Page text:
I don’t think this can be taught. There is no formula, no rule book. It’s about developing one’s ear the same way a musician and composer learn what is true: Listen. Read hundreds and great poems out loud. Read your own poems out loud, hundred of times. Listen.

Read more from the Hundred Highways Tour.

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Hundred Highways Tour #61 – 66: I-75, M-33, M-72, M-32, M-68 & M-27 to Purple Tree Books

We flew into Bay City, Michigan—my hometown, though barely recognizably so. All the empty shells of downtown buildings have been given new life with condos and boutiques and gourmet this-and-that’s. The long abandoned shipworks—gigantic, hulking structures with thousands of broken windows—have been replaced by “Uptown,” a shiny cluster of new restaurants, shops and office buildings. In a moment of surrealism, I have a chardonnay at a sidewalk bistro with luxury condos above that used to be the Mill End store with warped, creaking floors and an octogenarian elevator operator who took you to a basement full of wooden bins of hardware, fishing lures, penny toys and Army surplus gear, or upstairs to bolts of plain, durable fabric, cast iron frying pans and winter coats.

Sometimes the more that things change, the more they change.

Hiking 33 w/ mi Madre. Photo by Lisa Beaudin.

With my wife and my mom, I drive up M-33 (avoiding the drudgery of the interstate, the “unfreeway”) into the heart of northern Michigan, “Up North” as we say around here. It’s a reunion with many old and dear friends: quaking aspen and paper birch, staghorn sumac and bracken fern, jack pine and white cedar. I’ve made some new floral friends in my years in Montana, hiking the Absarokas and floating the Yellowstone, but none have become as close as these northwoods companions and comrades. Every type of tree or shrub or wildflower here flushes a covey of memories.

After a fantastic lunch at a diner in Onaway, we buy a homemade rhubarb pie and finish the drive to a rental cabin on Lake Huron, almost at the very Tip of the Mitt (an expression that makes perfect sense to Michiganders). Directly across from our twenty feet of beach, Bois Blanc Island spreads out across the horizon. A magical place that I visit in Vagabond Song:

“Beneath the Wild Rice Moon / Drunk & dancing with bats / on Bois Blanc Island / a bottle in one hand / a million stars in the other …”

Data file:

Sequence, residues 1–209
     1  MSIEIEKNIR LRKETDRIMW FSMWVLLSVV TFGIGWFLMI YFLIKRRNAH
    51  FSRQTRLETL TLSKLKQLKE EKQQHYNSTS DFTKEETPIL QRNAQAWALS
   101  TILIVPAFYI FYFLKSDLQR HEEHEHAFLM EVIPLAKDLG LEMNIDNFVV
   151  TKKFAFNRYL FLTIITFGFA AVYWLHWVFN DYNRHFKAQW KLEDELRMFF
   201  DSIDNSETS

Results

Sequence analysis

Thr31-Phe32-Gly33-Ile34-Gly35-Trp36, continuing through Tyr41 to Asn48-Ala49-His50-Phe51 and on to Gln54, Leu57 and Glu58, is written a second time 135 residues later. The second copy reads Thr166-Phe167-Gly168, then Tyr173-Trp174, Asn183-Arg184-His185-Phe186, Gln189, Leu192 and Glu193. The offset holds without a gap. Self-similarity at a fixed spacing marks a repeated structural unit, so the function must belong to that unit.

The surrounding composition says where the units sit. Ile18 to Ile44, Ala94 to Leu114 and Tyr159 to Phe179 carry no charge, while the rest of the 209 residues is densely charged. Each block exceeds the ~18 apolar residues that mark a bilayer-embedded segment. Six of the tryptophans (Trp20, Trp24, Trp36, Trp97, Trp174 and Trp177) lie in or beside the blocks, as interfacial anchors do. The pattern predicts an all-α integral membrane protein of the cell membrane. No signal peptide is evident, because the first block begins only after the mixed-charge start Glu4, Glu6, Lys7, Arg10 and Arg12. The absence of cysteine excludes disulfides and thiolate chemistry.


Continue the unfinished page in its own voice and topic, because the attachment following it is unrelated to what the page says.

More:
These waters of the Straits of Mackinac are among the most beautiful and magical I’ve known. And of course, like everything of beauty and magic in this world, they are threatened by short-sighted greed. Enbridge’s Line 5 pipelines, built in 1953, carry nearly 23 million gallons of oil and natural gas per day across the Straits–the heart of 20% of the freshwater on earth. The pipes show structural damage that Enbridge lies about or dismisses. This is the same company that caused the largest inland oil spill in U.S. history, in the Kalamazoo River, then ignored it for seventeen hours. No amount of profit, or any other perceived benefit, is worth risking the northern Great Lakes. Please get informed and take action here.

My reading at Purple Tree Books started out slow. Slow as in, no one there. I don’t blame anyone for not wanting to be indoors on the first day of the holiday weekend. But a few people eventually trickled in and we sat around a table and had a great chat. I read a handful of new poems and an excerpt from Vagabond Song. We traded road trip stories and memories of shared places. As almost always happens with a small turn-out, it ended up being one of the best. Intimate and filled with good new connections. The kind of reading where I can thank each person by name. And really, that’s the kind of thing that makes a book tour memorable and this whole writing game worth it.

Thanks Emily, Christine, Leea and Mom! And happy anniversary to my Love and Truth: Lisa.